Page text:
Teenagers in Macedonia and Georgia are making thousands of dollars per month creating fake news.
Goebbels would have loved Facebook. The Nazi minister for propaganda would have immediately realised the potential of this medium to spread lies, propaganda and misinformation — and you can be sure he would be an avid WhatsApper too, the Fuhrer of “forward as received”. That we now live in the era of fake news is undeniable, given that the venerable Oxford dictionary has chosen “post-truth” as its word of the year, defining it as “relating to or denoting circumstances in which objective facts are less influential in shaping public opinion than appeals to emotion and personal belief”.
There’s nothing new about lies and misinformation; states, groups and individuals have throughout history bent, broken, rewritten and manufactured “truth” to suit their purposes, narratives and myths. What’s different now is the speed (enabled by the Internet and social media) at which such falsifications spread, and what’s frightening is the sheer number of people who believe them.
It wasn’t supposed to be this way; many believed that the information age would usher in a period of enlightenment in which we would be empowered to seek out and find truth with the same ease with which I type this sentence. Instead, lies have gone global, circling the world several times through fibre optic lines before the truth has even put its pants on. Nowhere was the impact of this felt more greatly than in the recent US election.
Yes, it is an industry: teenagers in Macedonia and Georgia are making thousands of dollars per month creating fake news and counting clicks and cash, and in a recent interview, Pal Horner, a famous manufacturer of fake news claimed to have made up to $10,000 a month during the run up to the US vote. Asked about the secret of his success, he replied: “There’s nothing you can’t write that people won’t believe.” To paraphrase P.T. Barnum, there’s a sucker going online every minute.
But fake news can have real consequences, as we saw in Washington D.C. a few weeks back when a man named Edgar Welch walked into a Pizza Parlour armed with an automatic rifle claiming he was there to free children he believed were being held captive and sexually abused in secret chambers in the restaurant.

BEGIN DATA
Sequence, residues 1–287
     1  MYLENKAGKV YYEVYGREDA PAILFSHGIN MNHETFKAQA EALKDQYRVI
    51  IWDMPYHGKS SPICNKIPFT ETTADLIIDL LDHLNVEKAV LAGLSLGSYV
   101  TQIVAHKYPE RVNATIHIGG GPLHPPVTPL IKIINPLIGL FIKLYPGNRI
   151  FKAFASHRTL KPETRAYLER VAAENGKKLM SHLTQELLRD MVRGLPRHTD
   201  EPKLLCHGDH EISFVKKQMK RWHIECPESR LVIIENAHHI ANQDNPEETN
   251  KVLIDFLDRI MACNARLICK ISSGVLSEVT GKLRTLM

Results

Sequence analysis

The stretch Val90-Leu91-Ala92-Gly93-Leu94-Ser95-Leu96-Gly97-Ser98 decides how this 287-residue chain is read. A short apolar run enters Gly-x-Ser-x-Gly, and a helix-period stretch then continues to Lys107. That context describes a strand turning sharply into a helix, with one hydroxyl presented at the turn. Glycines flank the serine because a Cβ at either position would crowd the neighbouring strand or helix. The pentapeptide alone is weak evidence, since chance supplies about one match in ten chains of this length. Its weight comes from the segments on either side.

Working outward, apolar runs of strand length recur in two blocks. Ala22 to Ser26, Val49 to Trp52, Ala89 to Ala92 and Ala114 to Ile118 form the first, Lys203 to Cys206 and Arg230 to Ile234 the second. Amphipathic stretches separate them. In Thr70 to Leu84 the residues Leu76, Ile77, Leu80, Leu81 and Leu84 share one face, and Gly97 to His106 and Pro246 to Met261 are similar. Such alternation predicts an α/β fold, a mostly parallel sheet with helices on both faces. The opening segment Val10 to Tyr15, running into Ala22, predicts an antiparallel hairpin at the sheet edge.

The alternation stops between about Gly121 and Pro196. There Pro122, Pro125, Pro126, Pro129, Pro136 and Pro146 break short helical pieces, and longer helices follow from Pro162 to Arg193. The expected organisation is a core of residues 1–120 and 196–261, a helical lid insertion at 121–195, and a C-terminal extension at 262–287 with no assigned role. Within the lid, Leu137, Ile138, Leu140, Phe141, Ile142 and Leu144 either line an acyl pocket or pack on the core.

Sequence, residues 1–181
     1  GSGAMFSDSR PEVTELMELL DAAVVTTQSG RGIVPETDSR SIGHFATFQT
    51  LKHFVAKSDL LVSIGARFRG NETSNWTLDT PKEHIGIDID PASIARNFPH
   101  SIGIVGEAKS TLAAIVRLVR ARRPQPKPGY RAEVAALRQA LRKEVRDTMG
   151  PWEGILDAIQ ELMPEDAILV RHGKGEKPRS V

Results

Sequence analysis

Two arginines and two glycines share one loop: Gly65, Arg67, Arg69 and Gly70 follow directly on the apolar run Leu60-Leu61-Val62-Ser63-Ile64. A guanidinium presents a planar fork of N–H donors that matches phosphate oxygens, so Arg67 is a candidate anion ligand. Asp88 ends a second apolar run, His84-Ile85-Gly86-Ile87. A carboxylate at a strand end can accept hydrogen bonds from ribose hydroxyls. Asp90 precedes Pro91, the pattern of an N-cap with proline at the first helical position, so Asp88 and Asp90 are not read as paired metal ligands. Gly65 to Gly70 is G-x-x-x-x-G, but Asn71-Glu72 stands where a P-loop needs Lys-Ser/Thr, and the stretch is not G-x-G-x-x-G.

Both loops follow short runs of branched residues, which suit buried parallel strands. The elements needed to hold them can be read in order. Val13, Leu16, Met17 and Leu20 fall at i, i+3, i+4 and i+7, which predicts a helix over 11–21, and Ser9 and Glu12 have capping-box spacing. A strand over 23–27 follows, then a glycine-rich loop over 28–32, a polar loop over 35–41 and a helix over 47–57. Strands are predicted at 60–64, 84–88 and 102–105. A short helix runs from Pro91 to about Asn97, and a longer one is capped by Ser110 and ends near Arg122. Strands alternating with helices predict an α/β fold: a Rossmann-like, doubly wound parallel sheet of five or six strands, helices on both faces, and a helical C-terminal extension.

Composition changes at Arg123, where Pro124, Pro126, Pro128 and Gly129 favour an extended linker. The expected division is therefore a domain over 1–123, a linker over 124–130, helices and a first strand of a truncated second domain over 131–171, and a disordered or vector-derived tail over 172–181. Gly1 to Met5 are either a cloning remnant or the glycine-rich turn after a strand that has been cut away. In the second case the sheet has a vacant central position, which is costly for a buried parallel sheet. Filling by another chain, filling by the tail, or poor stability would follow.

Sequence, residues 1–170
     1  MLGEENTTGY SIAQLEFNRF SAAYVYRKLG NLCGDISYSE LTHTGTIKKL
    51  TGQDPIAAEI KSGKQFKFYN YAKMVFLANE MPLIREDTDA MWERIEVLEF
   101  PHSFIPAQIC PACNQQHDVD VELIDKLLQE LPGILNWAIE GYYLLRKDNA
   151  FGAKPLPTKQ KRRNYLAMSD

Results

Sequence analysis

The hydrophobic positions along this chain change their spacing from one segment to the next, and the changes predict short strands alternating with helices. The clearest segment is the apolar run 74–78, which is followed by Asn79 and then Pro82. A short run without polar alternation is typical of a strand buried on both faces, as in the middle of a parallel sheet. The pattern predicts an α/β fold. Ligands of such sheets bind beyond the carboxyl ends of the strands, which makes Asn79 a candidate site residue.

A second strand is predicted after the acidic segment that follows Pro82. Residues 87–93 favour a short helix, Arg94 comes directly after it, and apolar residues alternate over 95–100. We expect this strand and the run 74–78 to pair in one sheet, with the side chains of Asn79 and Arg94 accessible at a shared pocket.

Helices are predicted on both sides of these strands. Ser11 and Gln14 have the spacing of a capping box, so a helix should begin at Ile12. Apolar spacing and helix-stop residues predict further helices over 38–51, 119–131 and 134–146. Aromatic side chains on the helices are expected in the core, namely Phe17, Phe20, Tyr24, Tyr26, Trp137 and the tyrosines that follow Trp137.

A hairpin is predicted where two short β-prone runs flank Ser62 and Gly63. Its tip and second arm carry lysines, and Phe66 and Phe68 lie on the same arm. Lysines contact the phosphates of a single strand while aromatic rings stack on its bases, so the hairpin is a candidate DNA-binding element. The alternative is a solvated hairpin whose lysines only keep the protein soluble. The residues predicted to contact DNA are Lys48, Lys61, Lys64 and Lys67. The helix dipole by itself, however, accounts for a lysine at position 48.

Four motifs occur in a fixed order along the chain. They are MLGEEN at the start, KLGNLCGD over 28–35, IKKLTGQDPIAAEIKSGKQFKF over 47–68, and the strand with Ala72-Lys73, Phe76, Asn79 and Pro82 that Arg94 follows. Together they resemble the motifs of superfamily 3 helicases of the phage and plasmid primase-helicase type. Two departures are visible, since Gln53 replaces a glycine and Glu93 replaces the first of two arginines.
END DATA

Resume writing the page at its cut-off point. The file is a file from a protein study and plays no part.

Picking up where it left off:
The basis for his beliefs was an outrageously false and widely shared story dubbed “pizzagate”, which alleges that Hillary Clinton is part of an elite devil-worshipping cabal which sexually abuses and murders children, usually in the secret chambers of the said restaurant.
He believed this because pizzagate was one of the most widely shared stories on Facebook, and was propagated by none other than the son of Trumps’ national security adviser pick, Gen. Flynn.
Debunking such stories takes a lot more energy than spreading them does. You have to backtrack, check sources, analyse any pics or videos that have been posted, while the person spreading it really only has to click a button. When sharing is easier than fact-checking, the odds are stacked against the truth.
After the tragic crash of PK661, an audio recording began circulating which purported to be of the last minutes of the ill-fated plane. It was heart-wrenching to listen to, was widely shared by laymen, politicians and journalists alike, and was a fake. Well not precisely a fake: the recording was from an Etihad Airways flight which encountered severe turbulence en route to Jakarta but which thankfully managed to reach its destination safely. Despite the fact that references to Jakarta can be heard in the audio, people continue to share it.
Another spurious video made it from WhatsApp to the TV screen. In this video (allegedly shot from a mobile phone) a plane is shown flying normally and then suddenly taking a 90-degree dive towards the ground. This too was fake, and the effect of crashing was created by the video-maker simply turning the phone sideways.
Detecting and debunking such stories is often a complex task, especially with fakers refining their techniques but there are tools and methods that can be found online. Ultimately though, the best defence is common sense, a healthy dose of scepticism, and the ability to recognise that while you may desperately want to believe something is true, that doesn’t necessarily make it so.
By arrangement with Dawn